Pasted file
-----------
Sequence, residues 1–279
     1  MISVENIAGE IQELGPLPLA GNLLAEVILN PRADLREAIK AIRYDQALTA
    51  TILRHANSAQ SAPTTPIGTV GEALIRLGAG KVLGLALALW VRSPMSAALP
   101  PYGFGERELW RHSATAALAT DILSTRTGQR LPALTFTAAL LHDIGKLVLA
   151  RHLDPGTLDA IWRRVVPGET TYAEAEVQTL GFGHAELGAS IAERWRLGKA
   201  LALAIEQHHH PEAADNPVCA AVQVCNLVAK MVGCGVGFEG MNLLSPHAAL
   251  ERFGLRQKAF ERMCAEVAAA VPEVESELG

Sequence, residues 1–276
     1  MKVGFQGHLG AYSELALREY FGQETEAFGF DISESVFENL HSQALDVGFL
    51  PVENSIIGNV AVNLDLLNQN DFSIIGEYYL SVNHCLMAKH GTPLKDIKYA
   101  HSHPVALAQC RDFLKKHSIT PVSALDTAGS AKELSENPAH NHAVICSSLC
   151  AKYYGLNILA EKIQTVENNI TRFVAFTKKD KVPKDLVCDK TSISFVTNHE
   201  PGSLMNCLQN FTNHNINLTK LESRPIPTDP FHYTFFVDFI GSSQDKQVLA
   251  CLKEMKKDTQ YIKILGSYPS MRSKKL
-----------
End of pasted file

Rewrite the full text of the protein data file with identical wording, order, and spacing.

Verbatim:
Sequence, residues 1–279
     1  MISVENIAGE IQELGPLPLA GNLLAEVILN PRADLREAIK AIRYDQALTA
    51  TILRHANSAQ SAPTTPIGTV GEALIRLGAG KVLGLALALW VRSPMSAALP
   101  PYGFGERELW RHSATAALAT DILSTRTGQR LPALTFTAAL LHDIGKLVLA
   151  RHLDPGTLDA IWRRVVPGET TYAEAEVQTL GFGHAELGAS IAERWRLGKA
   201  LALAIEQHHH PEAADNPVCA AVQVCNLVAK MVGCGVGFEG MNLLSPHAAL
   251  ERFGLRQKAF ERMCAEVAAA VPEVESELG

Sequence, residues 1–276
     1  MKVGFQGHLG AYSELALREY FGQETEAFGF DISESVFENL HSQALDVGFL
    51  PVENSIIGNV AVNLDLLNQN DFSIIGEYYL SVNHCLMAKH GTPLKDIKYA
   101  HSHPVALAQC RDFLKKHSIT PVSALDTAGS AKELSENPAH NHAVICSSLC
   151  AKYYGLNILA EKIQTVENNI TRFVAFTKKD KVPKDLVCDK TSISFVTNHE
   201  PGSLMNCLQN FTNHNINLTK LESRPIPTDP FHYTFFVDFI GSSQDKQVLA
   251  CLKEMKKDTQ YIKILGSYPS MRSKKL